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Sydney Wins Gay Games

Sydney Wins Gay Games

15 November 1997
Sydney's successful bid for the Gay Games in 2002 will provide a $100 million boost to the NSW economy, with gay and straight people encouraged to participate in a carnival of traditional sporting events, cultural festivals and political forums.

The State Government welcomed the decision by the Federation of Gay Games to award Sydney the sixth games, saying it would help Sydney through the slump expected after the 2000 Olympics.

But the games have been attacked by both the National Party and the Rev Fred Nile of the Christian Democratic Party, who dubbed it the "Sad Games" and said overseas athletes should be tested for HIV/AIDS before being granted visas.

More than 10,000 people are expected to participate in 30 official sports, six demonstration sports, artistic events, lectures on gender and sexuality in sport and a giant dance party.

Visitor numbers to NSW are expected to top 30,000 with many of the events, including the opening ceremony, to be held in the new facilities at Sydney Olympic Park.

The organisers, Sydney 2002 Gay Games, were told early yesterday at a presentation ceremony in Denver, Colorado, that they had beaten Dallas, Long Beach, Montreal and Toronto. It is the third attempt by Sydney to win the games, which began in San Francisco in 1982.

The chairman of the organising committee, Mr Tom Seddon, said the games and the cultural festival were aimed at being an international and inclusive event, with straight people, disabled and a range of ethnic groups being encouraged to participate.

The Sports Minister, Ms Harrison, described the games as very important for Sydney, with a likely economic boost of $100 million for NSW.

"I think when you're looking at tourism and jobs people will accept these games and support them," Mrs Harrison said.

But the NSW National Party Leader, Mr Armstrong, dismissed the games as a minority event for which the Government should not provide any funding.

Mr Nile was outraged at the win and warned that the event would spark protest. "Like the majority of Australians I am very disappointed that Sydney's bid has won the 2002 Sad Games," he said.

"The Carr Government is to be condemned that in the middle of a pedophile scare they actively promoted the Sydney bid and gave thousands of taxpayer dollars to help finance the bid. Sydney has enough social and moral problems without thousands of homosexuals descending on the city."

In April the State Government made a grant of $75,000 to assist the bid.

Mrs Harrison said no decision had been made on government grants to the games.

A Sydney spokeswoman for the organisers, Ms Bronte Morris, said the games represented a "coming of age" for Sydney as a gay mecca and a safe and tolerant society.

Ms Morris said the swimming great Dawn Fraser had been involved in the bid process and that the team hoped she would play a role, possibly as an ambassador.

"I'm also hoping it will encourage the gay and lesbian athletes who exist within the mainstream sporting area to come out," Ms Morris said.

The games will have a budget of $11.5 million.

The managing director of Tourism Council Australia, Mr Bruce Baird, said the games had the potential to bring to Australia 40,000 visitors and he predicted they would inject at least $160 million into the NSW economy.

Discus thrower is eager to be in because she's "out"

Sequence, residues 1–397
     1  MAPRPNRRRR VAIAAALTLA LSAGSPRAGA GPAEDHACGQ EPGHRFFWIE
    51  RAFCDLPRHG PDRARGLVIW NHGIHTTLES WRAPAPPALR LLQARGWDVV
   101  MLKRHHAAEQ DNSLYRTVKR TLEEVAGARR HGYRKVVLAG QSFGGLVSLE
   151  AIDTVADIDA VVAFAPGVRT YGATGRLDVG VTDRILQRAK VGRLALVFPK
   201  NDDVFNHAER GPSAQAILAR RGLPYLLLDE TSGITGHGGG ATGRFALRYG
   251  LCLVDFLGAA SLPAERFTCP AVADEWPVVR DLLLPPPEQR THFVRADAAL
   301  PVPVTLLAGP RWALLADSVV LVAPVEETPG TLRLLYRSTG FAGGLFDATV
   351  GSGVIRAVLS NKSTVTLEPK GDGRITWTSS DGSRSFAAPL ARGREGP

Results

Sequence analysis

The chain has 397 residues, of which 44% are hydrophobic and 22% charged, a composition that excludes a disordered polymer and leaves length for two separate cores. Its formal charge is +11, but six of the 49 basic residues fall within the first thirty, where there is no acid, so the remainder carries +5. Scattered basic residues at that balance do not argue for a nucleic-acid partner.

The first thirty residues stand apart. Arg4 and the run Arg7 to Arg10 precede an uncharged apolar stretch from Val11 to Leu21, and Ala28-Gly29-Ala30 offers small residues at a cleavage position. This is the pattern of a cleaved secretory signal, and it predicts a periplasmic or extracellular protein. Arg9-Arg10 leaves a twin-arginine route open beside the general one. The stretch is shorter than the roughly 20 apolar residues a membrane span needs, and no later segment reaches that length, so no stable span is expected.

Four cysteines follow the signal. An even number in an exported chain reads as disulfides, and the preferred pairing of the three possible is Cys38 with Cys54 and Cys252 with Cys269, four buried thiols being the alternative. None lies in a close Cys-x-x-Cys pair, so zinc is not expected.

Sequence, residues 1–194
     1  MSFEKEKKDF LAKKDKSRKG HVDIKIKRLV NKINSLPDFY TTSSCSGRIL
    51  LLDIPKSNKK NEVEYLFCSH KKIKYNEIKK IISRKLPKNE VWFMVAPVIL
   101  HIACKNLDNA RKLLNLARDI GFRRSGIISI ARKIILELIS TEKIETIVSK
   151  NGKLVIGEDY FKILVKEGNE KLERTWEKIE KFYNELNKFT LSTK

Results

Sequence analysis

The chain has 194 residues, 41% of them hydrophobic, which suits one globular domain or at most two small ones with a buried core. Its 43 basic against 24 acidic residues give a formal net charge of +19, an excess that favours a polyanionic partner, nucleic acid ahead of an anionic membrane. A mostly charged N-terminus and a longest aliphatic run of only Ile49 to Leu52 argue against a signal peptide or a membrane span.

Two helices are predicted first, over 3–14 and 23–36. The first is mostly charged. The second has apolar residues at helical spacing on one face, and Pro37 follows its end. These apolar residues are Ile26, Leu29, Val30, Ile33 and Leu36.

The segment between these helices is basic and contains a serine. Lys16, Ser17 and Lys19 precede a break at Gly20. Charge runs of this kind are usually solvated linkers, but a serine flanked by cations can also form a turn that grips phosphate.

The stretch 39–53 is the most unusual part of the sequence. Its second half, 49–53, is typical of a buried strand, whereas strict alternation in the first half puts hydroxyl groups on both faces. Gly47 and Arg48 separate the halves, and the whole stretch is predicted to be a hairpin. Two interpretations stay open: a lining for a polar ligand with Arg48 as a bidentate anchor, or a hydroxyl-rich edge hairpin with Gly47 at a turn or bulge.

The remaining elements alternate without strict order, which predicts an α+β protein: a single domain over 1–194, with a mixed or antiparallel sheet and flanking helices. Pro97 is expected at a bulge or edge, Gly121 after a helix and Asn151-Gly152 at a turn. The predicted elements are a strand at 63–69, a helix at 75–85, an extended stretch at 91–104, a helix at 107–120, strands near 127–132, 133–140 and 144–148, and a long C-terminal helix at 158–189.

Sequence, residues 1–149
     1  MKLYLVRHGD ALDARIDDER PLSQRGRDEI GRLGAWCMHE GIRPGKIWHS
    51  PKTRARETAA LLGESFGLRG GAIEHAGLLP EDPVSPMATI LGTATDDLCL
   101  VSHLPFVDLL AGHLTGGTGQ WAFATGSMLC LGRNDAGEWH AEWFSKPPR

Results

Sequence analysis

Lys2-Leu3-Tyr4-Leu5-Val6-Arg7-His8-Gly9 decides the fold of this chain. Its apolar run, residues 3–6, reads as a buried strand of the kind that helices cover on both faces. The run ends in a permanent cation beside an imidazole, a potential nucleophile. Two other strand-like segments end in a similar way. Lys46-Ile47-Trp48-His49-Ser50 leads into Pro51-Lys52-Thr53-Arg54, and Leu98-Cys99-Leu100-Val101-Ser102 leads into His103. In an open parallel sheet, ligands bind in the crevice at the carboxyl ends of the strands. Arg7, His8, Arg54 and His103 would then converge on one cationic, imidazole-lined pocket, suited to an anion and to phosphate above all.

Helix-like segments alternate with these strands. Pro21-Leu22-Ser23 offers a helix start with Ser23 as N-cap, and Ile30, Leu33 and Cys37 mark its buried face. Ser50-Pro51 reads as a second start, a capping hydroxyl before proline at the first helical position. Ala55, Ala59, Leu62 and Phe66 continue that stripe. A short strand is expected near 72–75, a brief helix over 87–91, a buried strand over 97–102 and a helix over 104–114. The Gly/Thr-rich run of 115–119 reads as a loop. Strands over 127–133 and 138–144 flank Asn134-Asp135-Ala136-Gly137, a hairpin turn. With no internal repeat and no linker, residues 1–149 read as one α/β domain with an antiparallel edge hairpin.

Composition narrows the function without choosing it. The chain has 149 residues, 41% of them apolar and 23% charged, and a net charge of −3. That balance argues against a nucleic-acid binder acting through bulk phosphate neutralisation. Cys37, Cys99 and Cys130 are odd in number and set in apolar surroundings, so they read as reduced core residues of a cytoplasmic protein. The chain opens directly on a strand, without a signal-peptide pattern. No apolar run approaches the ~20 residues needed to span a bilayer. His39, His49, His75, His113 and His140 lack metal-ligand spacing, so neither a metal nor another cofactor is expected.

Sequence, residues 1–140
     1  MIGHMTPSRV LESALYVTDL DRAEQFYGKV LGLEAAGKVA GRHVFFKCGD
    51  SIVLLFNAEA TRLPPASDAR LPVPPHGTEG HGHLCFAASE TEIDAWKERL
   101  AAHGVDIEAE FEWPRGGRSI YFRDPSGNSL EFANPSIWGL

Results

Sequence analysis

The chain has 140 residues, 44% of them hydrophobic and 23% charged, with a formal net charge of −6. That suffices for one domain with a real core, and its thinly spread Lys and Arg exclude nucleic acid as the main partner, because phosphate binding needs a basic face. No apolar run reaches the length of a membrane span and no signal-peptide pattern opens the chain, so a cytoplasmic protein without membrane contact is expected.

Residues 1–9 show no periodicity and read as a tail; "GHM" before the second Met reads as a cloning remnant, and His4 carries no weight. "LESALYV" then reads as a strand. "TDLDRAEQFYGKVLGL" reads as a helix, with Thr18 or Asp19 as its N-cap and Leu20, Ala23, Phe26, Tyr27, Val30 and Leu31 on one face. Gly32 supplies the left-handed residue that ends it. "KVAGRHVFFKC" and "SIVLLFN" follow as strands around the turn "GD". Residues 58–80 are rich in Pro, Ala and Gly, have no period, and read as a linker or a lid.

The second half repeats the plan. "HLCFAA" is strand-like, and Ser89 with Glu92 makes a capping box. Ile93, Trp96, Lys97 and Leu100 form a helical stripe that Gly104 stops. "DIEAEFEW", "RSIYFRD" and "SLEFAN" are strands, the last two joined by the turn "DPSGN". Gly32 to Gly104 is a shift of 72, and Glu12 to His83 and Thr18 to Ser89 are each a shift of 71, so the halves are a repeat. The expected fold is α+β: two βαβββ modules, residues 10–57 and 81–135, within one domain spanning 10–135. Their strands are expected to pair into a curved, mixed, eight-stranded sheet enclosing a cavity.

Lisa-Marie Vizaniari caught the news on television yesterday. She wasn't surprised.

Earlier this year, when an official from Athletics Australia told her Australia was bidding for the 2002 Gay Games, our top discus-thrower Vizaniari knew we would be in with a big show.

Now all the woman who was a finalist in the recent World Athletics Championships is waiting for is to see if her busy athletics schedule will allow her to compete.

Vizaniari believes she is the first, and so far only, lesbian Olympian in the world to come out of the closet. Of course, that doesn't mean she will be the only lesbian to compete at an Olympics. Athletes around the world are known to be gay or lesbian but have yet to declare it publicly.

That is one reason Vizaniari came out publicly.

"I've always been out, I've never hidden it from my family or friends or training partners, but to the public I've hidden it," Vizaniari, 25, said.

"So I did it because I think we need to have more role models to look up to in the gay community.

"These Games will be good to have because it means people can see gays doing things other than being flamboyant and partying, like you do at the Mardi Gras.

"We're successful people, talented people."

Many of the athletes for the Games, some 11,000, will come largely from within the gay community. It is not right to say there are very few high-profile gay athletes, only that there are very few high-profile gay athletes who are "out".

Former American diving gold medallist Greg Louganis is gay. Former American decathlete Tom Waddell, who is credited with playing a leading role in starting the Gay Games, has also declared his homosexuality.

It is Vizaniari's hope that, in the next five years, more gay athletes will come forward to take part in these Games.

In all, there will be 30 sports played at the games.

They are: aerobics, badminton, basketball, billiards, ten-pin bowling, cycling, diving, figure skating, golf, hockey, ice hockey, marathon, martial arts and judo, netball, physique, power lifting, sailing, soccer, softball, squash, swimming, table tennis, tennis, touch football, track and field, triathlon, volleyball, water polo, wrestling and ballroom dancing.

And while the event will be called the Gay Games, competition will not be limited to gay people. Gays, bisexuals and heterosexuals are all welcome.

Ballroom dancing, of course, will be with same sex partners.

This page last updated: Saturday 20 March 2010

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